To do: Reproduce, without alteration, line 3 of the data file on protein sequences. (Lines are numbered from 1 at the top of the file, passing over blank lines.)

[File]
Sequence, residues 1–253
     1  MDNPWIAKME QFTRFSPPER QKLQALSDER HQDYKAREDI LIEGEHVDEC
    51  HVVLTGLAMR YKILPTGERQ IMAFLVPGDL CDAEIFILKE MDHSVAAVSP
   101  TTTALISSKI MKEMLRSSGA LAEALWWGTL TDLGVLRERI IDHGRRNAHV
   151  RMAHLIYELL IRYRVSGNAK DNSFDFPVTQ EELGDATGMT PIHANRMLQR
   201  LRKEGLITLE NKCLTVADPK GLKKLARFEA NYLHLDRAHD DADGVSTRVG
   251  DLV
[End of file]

    51  HVVLTGLAMR YKILPTGERQ IMAFLVPGDL CDAEIFILKE MDHSVAAVSP